Recently I read about a woman who attended a tribal ritual at a Native American gathering in the southwestern part of the country. It was a “back to the womb” ceremony, a worship service in a room of total darkness simulating enclosure inside the womb of Mother Earth. As they shut the doors and lowered the shades, she felt some anxiety. They then taped up all the edges around the doors and windows to block out any trickle of light leaking in from the blazing desert sun outside. She felt the darkness wrap around her threateningly like a giant blanket. But as her eyes slowly adjusted, she noticed tiny sparkles peeking through hidden cracks in the walls. Those little pieces of light, penetrating what had been total darkness, calmed her and let her feel secure. For her the experience in that gloomy chamber was a visual of the power light possesses to push back the dark.
This interplay between light and darkness figures prominently in people’s accounts of their relationship with God and God’s healing work in the world. Isaiah for one uses light imagery to point out the difference between shallow and deep religious practices. Real fasting, he teaches, is not only refraining from eating but sharing one’s food with the hungry. When someone actively takes up such a project, he insists, light is “breaking forth like the dawn and scattering the gloom.”(Is 58:8) Jesus too uses the light metaphor. For him, just as a lamp trapped under a bushel basket is a waste, belief without action clouds the radiance of that belief. A faith that spills over into good deeds, on the other hand, is different. Like a beacon shining down a dark corridor, charitable efforts light up the whole aisle and let the glory of God shine out. Illuminating God’s presence, they beat back the dark.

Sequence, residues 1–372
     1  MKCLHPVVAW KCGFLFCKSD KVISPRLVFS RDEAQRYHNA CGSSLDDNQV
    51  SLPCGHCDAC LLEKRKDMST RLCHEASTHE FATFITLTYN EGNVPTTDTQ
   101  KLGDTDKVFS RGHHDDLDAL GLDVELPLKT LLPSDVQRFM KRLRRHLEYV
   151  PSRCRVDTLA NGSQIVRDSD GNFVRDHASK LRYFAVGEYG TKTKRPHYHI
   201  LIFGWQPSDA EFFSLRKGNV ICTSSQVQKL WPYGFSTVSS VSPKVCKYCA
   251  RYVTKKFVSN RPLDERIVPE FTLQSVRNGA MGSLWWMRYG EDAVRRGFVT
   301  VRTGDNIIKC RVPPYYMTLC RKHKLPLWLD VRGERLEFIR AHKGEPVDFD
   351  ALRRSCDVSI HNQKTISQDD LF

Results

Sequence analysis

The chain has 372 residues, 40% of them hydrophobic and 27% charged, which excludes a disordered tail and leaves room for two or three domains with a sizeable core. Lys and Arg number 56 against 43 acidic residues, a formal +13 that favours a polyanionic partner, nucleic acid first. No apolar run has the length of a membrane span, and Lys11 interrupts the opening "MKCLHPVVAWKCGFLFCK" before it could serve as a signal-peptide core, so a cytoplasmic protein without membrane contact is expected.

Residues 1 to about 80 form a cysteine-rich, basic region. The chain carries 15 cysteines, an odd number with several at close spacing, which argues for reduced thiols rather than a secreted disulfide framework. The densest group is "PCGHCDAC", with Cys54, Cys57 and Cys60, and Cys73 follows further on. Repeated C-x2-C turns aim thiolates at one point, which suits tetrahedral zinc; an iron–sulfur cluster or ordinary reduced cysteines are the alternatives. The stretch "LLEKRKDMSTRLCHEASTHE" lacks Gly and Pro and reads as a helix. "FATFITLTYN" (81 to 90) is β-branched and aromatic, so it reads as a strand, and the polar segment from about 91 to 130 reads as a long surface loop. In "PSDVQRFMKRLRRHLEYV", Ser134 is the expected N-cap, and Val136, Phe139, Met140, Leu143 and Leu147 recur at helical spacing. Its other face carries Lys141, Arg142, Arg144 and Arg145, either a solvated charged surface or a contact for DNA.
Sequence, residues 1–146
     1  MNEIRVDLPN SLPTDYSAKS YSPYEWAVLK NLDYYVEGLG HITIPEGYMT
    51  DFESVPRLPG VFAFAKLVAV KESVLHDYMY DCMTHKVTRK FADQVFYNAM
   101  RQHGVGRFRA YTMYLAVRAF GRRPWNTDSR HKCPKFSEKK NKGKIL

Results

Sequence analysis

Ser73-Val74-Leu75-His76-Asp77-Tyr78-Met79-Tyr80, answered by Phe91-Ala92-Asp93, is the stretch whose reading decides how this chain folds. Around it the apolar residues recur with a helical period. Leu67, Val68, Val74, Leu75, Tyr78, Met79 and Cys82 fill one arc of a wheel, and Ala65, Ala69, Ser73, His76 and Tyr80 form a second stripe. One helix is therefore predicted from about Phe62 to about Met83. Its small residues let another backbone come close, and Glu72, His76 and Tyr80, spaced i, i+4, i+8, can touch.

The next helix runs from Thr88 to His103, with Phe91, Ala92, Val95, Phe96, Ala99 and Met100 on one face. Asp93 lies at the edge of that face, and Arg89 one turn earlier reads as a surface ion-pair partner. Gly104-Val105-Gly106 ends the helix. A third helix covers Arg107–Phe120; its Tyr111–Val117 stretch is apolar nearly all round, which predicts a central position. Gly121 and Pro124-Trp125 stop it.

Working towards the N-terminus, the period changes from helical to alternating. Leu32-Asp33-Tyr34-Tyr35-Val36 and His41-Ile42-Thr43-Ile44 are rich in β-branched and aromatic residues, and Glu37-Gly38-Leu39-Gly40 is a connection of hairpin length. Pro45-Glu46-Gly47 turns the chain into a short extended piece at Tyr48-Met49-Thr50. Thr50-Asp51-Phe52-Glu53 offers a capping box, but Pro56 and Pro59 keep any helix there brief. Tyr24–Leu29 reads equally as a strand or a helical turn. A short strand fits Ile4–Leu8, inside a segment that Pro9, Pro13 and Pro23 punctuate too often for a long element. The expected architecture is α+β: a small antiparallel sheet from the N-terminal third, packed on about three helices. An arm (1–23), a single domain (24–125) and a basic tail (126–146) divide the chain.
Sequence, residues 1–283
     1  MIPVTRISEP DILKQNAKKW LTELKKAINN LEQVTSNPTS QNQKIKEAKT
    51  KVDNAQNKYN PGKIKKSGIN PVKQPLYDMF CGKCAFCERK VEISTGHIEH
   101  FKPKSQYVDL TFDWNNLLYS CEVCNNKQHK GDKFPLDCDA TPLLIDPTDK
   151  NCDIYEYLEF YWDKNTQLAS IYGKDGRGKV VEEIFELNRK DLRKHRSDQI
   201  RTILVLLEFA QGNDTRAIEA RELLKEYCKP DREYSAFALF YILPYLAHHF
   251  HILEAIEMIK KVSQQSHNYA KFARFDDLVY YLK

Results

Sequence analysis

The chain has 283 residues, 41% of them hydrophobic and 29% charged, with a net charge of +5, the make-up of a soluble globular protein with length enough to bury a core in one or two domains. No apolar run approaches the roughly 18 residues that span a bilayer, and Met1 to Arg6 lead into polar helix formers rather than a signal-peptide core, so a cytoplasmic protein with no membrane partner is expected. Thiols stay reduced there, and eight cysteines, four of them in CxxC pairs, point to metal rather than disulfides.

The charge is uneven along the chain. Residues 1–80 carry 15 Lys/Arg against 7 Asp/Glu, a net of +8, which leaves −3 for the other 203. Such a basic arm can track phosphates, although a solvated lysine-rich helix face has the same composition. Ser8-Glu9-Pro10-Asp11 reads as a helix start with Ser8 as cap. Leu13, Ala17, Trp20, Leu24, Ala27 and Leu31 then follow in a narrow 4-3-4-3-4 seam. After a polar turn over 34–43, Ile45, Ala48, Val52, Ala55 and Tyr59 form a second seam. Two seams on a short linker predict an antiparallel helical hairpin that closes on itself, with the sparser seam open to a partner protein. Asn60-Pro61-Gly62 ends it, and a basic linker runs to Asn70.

Isn’t that what belief does when lived in its widest and deepest sense? Practiced in its full integrity it shifts attention from my prosperity alone over to things like advocating for proper health care for the greatest number, providing more opportunities for education, ensuring safety in the workplace, and, in general, welcoming in the stranger.
Returning to the light imagery of Isaiah and Jesus, we’re enjoined not to deepen the dark by inaction but rather to let the light of our active compassion push back the gloom. We would take the lid off thin words of belief and release that thicker light which radiates from deeds of belief. Vincent chimes in here with an apt maxim, “Where human prudence fails, the Light of divine wisdom begins to shine.” (Vol 12, p 399).
Thinking back to those little pieces of light comforting that woman, imagine the comfort given with even little pieces of practical charity. We’re asked to envision ways we might let our light shine out and push back the shadows, big and small, that darken the world’s landscape. Faith without practical follow-through smothers itself under that bushel basket. Faith that blossoms in good works is faith that “breaks forth like the dawn and scatters all the gloom.”